Britannia review: Game of Thrones' weird, preposterous little brother
"On your knees, w****r!" screams a bandit with a strong West Country accent, in the opening episode of Sky's major new historical drama Britannia.
Moments later, a character unleashes previously hidden Jedi mind powers - complete with blurry screen effect.
It's fair to say that Britannia might not be the most accurate depiction of the Roman conquest of Britain.
And that's before we even get onto the fact that Donovan's '60s folk hit Hurdy Gurdy Man plays over the main titles and credits.
Like many things in the show, it's a weirdly jarring choice.
David Morrissey chews the scenery
Britannia clearly isn't trying to be a straightforward historical epic. If the theme song didn't convince you, then the trippy, acid-tinged imagery and rampant use of modern colloquialisms will.
The year is AD43. It's nearly a century since Julius Caesar landed on the south coast of ancient Britain, took one look at the terrifying locals, and promptly headed home.
Now, 20,000 Romans have returned to conquer and enslave the land - which is populated by hippy, dippy druids and warring Celts.
Julian Rhind-Tutt's modern day phrases and dry humour are an out-of-place hoot (Photo: Sky)
The drug-quaffing antics of the aforementioned druids allow for plenty of psychedelic, arty-farty sequences. But the tone at times has the air of an offbeat comedy - whether intentional, or not.
Julian Rhind-Tutt's dry humour and flippant use of modern phrases while portraying a Celtic prince ("It's all a bit up in the air at the moment...bigger fish and that"), is a hoot.
It's as if his character from Green Wing accidentally wandered onto the wrong set and started being witheringly sarcastic at everyone else's expense.
David Morrissey, meanwhile, is having a marvellous time eviscerating every bit of night-soaked scenery as invading Roman commander Aulus.
"I am Rome, and wherever I walk, Rome is!" he bellows, when he isn't paraphrasing Clint Eastwood's 'hell of a thing killing a man' speech from Unforgiven.
Mackenzie Crook - resembling Skeletor
A strong cast do their best with the hammy dialogue. Kelly Reilly - serious of stare and skilled of bow - is a valuable addition to the attempted intrigue.
Mackenzie Crook, resembling Skeletor under a mountain of make-up, is suitably menacing as the leader of a more sinister druid faction. Being abducted while going to the loo and coming face to face with him really would be terrifying.
After this, he's off to battle He-Man (Photo: Sky)
Veterans such as Ian McDiarmid and Zoe Wanamaker are also on board. But no one is really being given Grade A material to work with here.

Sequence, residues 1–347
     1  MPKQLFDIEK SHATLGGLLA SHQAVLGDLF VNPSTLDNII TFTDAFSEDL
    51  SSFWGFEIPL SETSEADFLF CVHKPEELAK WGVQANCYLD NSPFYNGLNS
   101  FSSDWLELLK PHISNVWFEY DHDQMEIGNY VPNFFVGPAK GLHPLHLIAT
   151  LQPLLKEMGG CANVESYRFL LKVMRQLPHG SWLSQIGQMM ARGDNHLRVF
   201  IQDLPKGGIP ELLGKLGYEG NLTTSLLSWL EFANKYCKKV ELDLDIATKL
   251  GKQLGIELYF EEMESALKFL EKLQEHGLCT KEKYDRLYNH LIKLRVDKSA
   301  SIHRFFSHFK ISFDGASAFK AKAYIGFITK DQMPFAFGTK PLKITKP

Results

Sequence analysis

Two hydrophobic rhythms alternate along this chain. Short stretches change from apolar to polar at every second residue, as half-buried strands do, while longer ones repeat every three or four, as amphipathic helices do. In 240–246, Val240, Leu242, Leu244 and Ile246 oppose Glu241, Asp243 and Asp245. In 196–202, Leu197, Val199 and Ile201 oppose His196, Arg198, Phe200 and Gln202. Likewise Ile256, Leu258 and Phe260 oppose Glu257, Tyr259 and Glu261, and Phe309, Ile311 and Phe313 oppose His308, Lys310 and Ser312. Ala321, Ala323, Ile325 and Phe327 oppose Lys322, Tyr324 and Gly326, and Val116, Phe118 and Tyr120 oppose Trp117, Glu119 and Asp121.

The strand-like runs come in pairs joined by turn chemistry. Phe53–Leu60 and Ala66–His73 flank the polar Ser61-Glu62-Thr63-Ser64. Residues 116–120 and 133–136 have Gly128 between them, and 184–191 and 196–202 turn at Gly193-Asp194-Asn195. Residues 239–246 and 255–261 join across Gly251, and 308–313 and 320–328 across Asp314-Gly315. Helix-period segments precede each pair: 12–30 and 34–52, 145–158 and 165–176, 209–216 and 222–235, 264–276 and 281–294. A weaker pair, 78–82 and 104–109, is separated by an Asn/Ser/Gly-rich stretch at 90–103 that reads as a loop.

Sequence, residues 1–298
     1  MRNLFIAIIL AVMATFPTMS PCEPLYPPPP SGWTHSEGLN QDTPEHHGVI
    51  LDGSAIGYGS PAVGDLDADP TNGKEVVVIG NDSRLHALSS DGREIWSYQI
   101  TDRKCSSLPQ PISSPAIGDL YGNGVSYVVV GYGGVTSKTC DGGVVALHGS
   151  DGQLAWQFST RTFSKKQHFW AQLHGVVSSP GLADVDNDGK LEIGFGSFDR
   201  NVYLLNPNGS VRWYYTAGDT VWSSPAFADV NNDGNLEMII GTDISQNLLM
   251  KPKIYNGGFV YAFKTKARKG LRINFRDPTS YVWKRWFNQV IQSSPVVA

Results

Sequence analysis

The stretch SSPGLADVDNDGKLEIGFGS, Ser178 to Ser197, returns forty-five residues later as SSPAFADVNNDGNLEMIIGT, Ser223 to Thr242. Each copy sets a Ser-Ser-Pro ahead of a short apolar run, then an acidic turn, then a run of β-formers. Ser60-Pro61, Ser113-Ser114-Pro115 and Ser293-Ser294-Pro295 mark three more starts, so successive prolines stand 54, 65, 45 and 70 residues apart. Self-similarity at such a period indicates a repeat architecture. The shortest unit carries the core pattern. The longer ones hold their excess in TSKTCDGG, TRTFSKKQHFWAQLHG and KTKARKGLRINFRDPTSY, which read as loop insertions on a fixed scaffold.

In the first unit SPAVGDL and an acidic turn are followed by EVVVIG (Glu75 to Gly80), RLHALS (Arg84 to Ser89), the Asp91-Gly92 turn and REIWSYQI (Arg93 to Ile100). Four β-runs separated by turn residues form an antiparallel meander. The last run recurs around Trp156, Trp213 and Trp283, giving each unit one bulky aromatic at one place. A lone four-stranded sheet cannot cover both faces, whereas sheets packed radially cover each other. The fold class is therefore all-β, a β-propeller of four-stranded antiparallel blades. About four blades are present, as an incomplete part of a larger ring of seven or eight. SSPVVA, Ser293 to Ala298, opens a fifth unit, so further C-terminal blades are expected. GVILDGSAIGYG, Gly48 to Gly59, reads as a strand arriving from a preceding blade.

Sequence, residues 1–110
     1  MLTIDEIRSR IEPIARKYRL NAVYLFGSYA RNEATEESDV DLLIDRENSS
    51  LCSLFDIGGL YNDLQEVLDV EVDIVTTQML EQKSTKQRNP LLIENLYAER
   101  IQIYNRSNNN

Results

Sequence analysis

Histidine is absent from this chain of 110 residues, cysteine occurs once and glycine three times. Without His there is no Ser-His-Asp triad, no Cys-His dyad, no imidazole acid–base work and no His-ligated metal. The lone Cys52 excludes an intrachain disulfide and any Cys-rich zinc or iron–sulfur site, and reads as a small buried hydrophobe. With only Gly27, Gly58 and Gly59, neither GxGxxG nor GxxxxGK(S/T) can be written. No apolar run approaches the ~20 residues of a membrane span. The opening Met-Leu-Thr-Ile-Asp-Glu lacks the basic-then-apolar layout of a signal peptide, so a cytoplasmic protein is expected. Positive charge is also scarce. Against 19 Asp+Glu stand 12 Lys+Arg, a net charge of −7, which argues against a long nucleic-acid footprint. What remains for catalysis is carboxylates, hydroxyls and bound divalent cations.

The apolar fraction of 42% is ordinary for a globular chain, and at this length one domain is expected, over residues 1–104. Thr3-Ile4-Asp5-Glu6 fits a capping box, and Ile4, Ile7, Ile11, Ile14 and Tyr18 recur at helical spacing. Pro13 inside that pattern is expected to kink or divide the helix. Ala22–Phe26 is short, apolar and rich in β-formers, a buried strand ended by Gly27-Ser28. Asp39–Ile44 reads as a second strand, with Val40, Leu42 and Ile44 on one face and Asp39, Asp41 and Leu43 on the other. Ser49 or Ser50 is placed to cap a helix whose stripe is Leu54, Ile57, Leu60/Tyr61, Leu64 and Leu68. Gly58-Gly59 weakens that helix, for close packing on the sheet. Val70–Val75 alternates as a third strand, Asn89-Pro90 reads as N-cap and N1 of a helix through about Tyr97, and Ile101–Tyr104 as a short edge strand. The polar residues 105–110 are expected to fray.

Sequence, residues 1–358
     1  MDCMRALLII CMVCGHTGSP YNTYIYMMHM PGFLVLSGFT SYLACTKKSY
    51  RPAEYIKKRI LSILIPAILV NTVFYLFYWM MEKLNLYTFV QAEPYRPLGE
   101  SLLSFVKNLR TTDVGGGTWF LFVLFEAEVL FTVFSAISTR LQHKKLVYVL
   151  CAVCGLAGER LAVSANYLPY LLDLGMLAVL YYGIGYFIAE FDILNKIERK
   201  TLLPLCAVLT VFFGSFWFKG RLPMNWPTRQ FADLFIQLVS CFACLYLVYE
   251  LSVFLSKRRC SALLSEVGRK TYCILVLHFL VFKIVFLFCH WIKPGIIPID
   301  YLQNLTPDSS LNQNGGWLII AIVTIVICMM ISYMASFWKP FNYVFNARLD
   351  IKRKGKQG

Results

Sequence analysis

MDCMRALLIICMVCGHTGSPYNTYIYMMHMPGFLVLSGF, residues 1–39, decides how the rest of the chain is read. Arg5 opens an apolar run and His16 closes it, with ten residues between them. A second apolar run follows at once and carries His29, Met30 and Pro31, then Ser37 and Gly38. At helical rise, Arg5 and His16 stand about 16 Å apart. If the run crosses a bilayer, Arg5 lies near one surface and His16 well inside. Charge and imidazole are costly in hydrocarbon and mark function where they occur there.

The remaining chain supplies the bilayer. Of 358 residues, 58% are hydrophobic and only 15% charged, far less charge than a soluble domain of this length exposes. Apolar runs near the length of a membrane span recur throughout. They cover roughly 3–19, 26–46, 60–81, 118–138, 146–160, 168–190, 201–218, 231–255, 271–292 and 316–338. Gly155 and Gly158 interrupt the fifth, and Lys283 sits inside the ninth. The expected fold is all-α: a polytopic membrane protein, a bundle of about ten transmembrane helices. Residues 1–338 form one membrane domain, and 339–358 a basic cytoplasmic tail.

This might seem strange, as creator Jez Butterworth is an award-winning playwright with a serious pedigree behind him.
Bizarre and messy
"I’ve never actually seen Game of Thrones," Butterworth told i recently. "It feels to me like a programme that’s prog rock rather than punk, and I quite like the idea that if you enjoy it, you probably won’t enjoy this."
Thrones fans will probably be left scratching their heads with Britannia, for sure. Though there are a few faint echoes of that swords-and-scheming show.
There's the feuding factions, and the building of shaky alliances.
On a character level meanwhile, fans will note the gruff, bearded outcast who reluctantly finds himself escorting a young, bereaved girl, and the scheming princess who has taken another lover.
That said, a fairer comparison might be HBO's excellent Rome, which perfectly captured the oddities, machinations and excesses of the empire, while also investing us heavily in its main cast of characters. Britannia isn't a patch on it.
The Roman conquest of Britain is a fantastic subject for TV drama. But on first impressions, Britannia is too bizarre and messy a beast to really do it justice.
Bordering on self-parody
Sky has clearly thrown a whole lot of money at the production, given its hefty sets, sprawling cast and numerous extras, but the execution is certainly not especially high-brow.
There are lots of lofty monologues and po-faced anecdotes that fail to say anything of interest or worth. When Morrissey launches into a story about literal headless chickens, it's hard to care.
Characters, crucially, come across as two-dimensional clichés. And it doesn't help that their introductions are rushed amid the chaos of the invasion, so that you'll be hard-pressed to remember their obscure names - never mind anything else of note.
Some of the action sequences are very well directed (Photo: Sky)
On the plus side, there are some enjoyable bursts of blood-spewing action, including an early clash between two rival tribes, and a night-time attack on a druid festival. Both are well directed.
For the most part, however, Britannia is thoroughly weird and uneven. Its treatment of mysterious, woodland backdrops with shades of folk-horror is certainly an interesting choice. And it deserves credit for attempting something different. But this is no Ben Wheatley-esque exercise in occult terror, and it fails to sustain a potent atmosphere.
Instead, the opening hour-and-a-half is a somewhat preposterous beginning that's difficult to take seriously, bordering as it does on bonkers self-parody.
Britannia is close to being utter rubbish. But for all of that, it's sporadically entertaining rubbish.
Britannia starts on Sky Atlantic at 9pm tonight. All episodes of Britannia are available from today (18 January) exclusively on Sky Atlantic and NOW TV.